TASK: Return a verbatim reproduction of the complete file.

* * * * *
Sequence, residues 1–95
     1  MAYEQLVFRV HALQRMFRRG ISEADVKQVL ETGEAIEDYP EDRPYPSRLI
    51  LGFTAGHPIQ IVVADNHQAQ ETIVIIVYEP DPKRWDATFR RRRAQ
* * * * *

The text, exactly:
Sequence, residues 1–95
     1  MAYEQLVFRV HALQRMFRRG ISEADVKQVL ETGEAIEDYP EDRPYPSRLI
    51  LGFTAGHPIQ IVVADNHQAQ ETIVIIVYEP DPKRWDATFR RRRAQ